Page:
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January 4, 2017


Going Back in Time to Help Those with Alzheimer’s and Other Forms of Dementia

 

Can you imagine a place where people suffering from Alzheimer’s disease and dementia could be taken back in time and comforted by the sights, sounds, and experiences of their younger years, all within the safety of a medically staffed location? In San Diego, Scott Tarde, CEO of George G. Glenner Alzheimer’s Family Centers, has partnered with the San Diego Opera to build Town Square, which is a functioning miniature city designed specifically for dementia patients, built inside an industrial building in Chula Vista, CA. Among other nostalgic scenery, Town Square will include a scaled version of a San Diego-themed city hall designed to look and feel like the city between 1953 and 1961. Tarde says he believes their project (and miniature city) will be the first of the kind in the United States.
 
One of the goals of the city is to provide reminiscence therapy. Reminiscence therapy, according to Tarde, is done to help “reduce agitation, improve mood, and improve sleep quality.” And he says those benefits will help provide a better experience for participants and mitigate stress for their family caregivers, who he says “are the silent victims in this whole thing.”
 
By recreating the look and feel of 1950’s San Diego, the Town Square staff will offer guided interactions that they hope will engage the participants’ long-term memories and generate a healthy, positive experience.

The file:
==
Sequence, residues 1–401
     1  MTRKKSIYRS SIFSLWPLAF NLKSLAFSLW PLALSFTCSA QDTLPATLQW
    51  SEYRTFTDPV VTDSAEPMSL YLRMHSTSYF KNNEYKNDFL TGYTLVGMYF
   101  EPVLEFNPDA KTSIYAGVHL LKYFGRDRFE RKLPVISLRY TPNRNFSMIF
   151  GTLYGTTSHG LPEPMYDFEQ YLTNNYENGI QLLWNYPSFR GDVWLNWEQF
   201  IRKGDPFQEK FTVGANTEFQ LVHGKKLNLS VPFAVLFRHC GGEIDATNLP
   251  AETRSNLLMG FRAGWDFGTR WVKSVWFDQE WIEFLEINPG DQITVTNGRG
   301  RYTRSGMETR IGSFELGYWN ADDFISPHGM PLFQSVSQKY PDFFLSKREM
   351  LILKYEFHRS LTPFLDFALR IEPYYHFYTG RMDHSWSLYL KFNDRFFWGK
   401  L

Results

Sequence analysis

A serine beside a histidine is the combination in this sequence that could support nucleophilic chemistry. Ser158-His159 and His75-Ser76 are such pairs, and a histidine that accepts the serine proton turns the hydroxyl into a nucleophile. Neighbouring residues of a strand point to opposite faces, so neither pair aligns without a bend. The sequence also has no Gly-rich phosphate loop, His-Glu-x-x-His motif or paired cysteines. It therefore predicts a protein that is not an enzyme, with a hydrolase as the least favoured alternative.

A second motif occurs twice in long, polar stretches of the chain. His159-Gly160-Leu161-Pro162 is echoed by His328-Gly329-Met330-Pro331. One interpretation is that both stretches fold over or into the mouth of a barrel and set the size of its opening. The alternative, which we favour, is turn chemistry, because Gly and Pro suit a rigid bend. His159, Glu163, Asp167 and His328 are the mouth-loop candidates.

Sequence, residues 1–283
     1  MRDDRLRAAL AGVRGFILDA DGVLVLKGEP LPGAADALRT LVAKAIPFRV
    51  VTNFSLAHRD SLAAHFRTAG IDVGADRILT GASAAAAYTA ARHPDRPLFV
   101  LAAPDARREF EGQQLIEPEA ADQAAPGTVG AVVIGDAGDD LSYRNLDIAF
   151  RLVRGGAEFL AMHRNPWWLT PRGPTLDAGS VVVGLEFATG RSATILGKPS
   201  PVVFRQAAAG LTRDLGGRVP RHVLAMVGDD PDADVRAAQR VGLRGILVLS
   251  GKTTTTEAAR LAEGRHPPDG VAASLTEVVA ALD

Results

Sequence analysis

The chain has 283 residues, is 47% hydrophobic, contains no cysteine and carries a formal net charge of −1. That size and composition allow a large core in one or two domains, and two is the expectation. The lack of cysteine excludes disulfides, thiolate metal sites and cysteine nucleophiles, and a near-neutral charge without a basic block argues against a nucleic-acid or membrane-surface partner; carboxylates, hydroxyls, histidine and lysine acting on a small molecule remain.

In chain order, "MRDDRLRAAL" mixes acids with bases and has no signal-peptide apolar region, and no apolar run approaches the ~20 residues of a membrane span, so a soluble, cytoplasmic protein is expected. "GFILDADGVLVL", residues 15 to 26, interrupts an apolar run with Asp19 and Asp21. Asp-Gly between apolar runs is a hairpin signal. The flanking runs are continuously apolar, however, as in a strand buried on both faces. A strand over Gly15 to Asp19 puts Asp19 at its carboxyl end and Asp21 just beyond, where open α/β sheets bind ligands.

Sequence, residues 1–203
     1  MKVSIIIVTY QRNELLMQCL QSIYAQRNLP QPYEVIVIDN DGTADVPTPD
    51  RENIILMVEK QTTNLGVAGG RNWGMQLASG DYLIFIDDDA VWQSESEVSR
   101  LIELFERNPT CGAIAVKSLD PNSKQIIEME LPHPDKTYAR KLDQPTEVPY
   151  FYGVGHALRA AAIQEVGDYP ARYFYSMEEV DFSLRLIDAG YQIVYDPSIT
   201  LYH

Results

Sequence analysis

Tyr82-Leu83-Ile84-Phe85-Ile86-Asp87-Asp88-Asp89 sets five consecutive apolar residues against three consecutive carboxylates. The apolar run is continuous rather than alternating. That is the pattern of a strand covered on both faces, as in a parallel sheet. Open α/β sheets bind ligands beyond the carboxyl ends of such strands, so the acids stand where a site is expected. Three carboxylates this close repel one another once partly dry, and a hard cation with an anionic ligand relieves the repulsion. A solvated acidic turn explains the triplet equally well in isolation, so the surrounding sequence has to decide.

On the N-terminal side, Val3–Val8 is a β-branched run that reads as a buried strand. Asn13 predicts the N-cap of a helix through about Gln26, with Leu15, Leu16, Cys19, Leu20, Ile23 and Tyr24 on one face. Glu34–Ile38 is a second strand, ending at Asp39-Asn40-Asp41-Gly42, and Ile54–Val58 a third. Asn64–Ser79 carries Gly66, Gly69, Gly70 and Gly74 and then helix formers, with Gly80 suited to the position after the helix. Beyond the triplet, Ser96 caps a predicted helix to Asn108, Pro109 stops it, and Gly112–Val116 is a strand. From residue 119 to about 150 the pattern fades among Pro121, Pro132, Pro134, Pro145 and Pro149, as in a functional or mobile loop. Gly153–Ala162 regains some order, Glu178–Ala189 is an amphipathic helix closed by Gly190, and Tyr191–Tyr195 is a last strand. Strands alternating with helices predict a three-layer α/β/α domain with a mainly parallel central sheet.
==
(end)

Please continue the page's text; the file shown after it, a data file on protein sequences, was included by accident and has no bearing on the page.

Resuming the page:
This groundbreaking center is scheduled to open in early 2018. Inside, participants will be able to view a movie in a working movie theater, have a hot meal in a Seaport Village-style restaurant, visit a hospital with a real nurse and a nursery equipped with life-like infant dolls to cuddle, work on a real 1959 Ford Thunderbird, and sit within a park setting modeled after Balboa Park to listen to a concert.
 
Each day, groups of five will be guided through Town Square’s 11,000 square foot building. Inside, there will be 25 3D storefronts with functional interiors that will allow participants to experience life as they might have in their 20s and 30s.
 
In addition to seeing a movie, working on a car, or cuddling baby dolls, they will be able to read books in the library, visit a salon to have their nails painted, see museum exhibits, spend time with shelter puppies in a “pet store,” play billiards in a sports bar, and get in a workout at the gym.
 
The breadth and depth of the experiences and individuals with dementia can create at Town Square are like nothing that exists in the world today. Tarde hopes this type of project will expand into every city in the country, helping even more people handle the difficulties that come with Alzheimer’s and other forms of dementia. He believes the project will be transformative and offer a new kind of care for those suffering from dementia – and peace of mind for their family and caretakers.


 

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